not equal

Military jobs don’t relate to civilian jobs

This is probably the result of the public’s concept of what traditional military jobs are. The reality is that there are many “traditional” jobs that exist in the military. Many of the professions and services that are necessary in civilian life (financial, healthcare, and civil authorities to name a few) also have military versions to service their population. Military members performing these jobs go through accredited training schools with curriculums designed to be comparable with their civilian counterparts.

Members often continue training even after they have begun working. This is achieved through mentorship, career development programs, and opportunities for college degrees in their respective fields.  Additionally, in many cases civilian employers are already familiar with military qualifications and have programs and job recruiters already in place to snatch members up once they leave the service.

choice between work and education

Sacrificing education for service

Early on, there were limited educational incentives to joining the military. For many, after graduating high school you had to choose between finding work and continuing to higher education. Choosing to enlist meant putting your educational life on hold or canceling it altogether. In other words, the concepts of military life and higher education were mutually exclusive.

 In recognition of this dilemma, great steps have been taken within the past twenty years to fix this issue. Programs were tested and implemented to allow soldiers more opportunities to earn college degrees. The military itself proactively supports higher education through its promotion system. In many cases candidates being considered for some higher enlisted grades must show some sort of college experience or degree to even have a fighting chance at promotion.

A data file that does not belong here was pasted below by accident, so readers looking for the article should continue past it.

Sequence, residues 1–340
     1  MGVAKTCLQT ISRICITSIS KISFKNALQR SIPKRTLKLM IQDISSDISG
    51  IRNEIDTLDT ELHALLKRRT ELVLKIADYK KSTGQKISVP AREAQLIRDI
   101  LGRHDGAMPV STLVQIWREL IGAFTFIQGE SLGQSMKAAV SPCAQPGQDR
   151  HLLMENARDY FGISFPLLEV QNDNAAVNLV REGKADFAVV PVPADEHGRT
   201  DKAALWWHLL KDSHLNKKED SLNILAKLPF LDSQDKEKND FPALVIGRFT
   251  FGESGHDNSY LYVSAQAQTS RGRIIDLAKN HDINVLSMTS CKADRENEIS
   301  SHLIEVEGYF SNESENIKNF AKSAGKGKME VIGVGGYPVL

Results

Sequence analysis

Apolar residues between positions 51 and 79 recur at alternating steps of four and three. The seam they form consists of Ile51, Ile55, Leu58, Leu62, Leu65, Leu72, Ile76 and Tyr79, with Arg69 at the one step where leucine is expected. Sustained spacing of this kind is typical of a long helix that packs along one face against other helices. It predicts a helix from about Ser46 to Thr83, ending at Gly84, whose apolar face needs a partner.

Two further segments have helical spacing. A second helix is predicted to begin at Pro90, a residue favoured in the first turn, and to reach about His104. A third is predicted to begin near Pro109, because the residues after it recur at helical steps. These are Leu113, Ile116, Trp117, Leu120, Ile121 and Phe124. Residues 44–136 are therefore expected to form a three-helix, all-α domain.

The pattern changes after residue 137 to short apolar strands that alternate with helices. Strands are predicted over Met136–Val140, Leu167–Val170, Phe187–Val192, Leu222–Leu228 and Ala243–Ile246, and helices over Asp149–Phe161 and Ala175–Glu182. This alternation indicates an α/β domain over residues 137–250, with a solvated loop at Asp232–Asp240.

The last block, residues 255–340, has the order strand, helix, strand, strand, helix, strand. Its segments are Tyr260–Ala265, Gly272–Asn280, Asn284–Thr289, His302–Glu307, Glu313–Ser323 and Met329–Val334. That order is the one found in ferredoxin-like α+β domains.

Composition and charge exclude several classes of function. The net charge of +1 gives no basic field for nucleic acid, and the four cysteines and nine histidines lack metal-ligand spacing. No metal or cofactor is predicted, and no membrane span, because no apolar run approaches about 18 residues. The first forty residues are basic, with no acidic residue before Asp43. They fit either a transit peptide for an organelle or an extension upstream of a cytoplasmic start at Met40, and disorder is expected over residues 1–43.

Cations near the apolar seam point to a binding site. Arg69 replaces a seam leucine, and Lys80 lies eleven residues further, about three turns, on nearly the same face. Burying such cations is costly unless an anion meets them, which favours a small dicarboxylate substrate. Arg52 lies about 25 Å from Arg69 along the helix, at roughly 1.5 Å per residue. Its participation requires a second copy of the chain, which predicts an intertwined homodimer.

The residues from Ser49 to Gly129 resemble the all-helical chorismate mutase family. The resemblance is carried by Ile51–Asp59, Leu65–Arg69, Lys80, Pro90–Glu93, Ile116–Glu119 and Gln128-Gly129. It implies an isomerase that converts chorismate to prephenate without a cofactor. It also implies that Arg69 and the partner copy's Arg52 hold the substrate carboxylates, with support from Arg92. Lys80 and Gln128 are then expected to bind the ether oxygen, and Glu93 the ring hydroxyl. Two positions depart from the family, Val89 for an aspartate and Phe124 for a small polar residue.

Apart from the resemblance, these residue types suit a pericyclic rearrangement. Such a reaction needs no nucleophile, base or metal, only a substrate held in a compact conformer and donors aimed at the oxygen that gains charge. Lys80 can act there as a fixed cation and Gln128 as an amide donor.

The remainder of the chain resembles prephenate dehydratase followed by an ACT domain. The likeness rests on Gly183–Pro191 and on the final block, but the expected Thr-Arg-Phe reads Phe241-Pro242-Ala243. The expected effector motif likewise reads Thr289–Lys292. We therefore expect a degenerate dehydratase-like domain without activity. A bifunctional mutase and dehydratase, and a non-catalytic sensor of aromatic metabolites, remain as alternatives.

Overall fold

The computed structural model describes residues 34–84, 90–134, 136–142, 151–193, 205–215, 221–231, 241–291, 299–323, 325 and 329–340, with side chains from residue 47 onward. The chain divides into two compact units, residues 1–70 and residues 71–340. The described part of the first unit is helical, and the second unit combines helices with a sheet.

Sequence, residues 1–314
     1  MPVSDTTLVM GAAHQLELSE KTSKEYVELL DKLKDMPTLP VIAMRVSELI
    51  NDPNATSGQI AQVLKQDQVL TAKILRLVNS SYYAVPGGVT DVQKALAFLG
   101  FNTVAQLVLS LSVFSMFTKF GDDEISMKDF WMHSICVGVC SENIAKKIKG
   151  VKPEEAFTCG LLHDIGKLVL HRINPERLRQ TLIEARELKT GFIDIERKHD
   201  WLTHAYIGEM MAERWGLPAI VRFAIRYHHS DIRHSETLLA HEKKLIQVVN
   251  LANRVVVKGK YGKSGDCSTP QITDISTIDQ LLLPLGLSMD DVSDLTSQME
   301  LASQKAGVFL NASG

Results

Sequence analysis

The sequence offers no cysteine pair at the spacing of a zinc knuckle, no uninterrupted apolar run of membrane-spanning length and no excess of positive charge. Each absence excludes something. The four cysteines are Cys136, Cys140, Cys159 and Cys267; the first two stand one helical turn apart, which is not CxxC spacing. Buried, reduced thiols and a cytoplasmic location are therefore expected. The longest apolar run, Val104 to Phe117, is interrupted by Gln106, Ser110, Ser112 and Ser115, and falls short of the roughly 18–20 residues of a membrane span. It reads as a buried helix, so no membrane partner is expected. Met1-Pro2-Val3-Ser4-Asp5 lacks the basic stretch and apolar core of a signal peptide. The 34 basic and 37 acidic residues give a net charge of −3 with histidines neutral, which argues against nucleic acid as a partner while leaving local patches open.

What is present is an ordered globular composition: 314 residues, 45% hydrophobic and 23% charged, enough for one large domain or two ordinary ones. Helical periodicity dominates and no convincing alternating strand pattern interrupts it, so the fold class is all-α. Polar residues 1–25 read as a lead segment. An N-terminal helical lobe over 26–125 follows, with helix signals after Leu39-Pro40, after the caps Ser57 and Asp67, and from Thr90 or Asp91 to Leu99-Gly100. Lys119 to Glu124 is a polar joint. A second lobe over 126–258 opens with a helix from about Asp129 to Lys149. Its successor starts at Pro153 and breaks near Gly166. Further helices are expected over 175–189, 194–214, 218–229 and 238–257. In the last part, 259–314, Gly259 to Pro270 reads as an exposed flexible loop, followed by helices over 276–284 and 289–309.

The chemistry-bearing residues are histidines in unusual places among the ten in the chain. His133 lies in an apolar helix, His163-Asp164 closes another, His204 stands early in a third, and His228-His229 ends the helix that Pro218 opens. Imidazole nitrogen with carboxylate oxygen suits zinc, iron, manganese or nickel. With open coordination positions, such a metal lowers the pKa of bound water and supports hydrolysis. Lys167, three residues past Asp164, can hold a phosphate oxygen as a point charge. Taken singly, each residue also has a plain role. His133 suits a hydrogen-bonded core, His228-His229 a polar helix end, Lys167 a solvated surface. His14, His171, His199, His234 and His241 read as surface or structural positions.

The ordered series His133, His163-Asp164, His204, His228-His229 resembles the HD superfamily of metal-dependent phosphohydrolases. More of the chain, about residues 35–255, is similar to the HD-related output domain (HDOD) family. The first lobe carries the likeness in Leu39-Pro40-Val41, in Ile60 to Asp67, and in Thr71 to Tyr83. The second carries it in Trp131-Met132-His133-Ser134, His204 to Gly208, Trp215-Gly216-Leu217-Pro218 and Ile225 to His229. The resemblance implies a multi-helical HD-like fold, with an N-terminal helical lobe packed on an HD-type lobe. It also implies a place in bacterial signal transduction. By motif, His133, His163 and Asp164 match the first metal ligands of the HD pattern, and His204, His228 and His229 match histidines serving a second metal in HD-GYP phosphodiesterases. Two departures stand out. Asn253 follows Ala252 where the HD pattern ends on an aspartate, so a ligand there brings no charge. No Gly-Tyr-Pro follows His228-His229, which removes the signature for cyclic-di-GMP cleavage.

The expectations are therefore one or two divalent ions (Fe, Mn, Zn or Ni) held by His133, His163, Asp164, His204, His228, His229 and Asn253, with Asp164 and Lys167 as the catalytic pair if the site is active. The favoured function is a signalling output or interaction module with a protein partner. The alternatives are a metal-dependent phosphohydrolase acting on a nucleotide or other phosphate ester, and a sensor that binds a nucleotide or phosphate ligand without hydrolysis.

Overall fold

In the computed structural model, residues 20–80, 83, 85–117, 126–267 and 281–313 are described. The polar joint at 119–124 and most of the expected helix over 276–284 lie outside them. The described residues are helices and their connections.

What used to be one of the military’s biggest shortcomings has now become one of its greatest perks. Programs like the Tuition Assistance Program (TAP) pay for up to 100% of tuition costs for eligible participants taking college courses while enlisted. The Montgomery G.I. Bill pays for college after the service member leaves the military and even pays a monthly stipend. Certain branches like the Air Force have their own college (Community College of the Air Force) which offers an Associate’s Degree related to a members job. Many of the credit hours needed for this degree are already satisfied following successful graduation of vocation school.

political games

Uniformity means no political games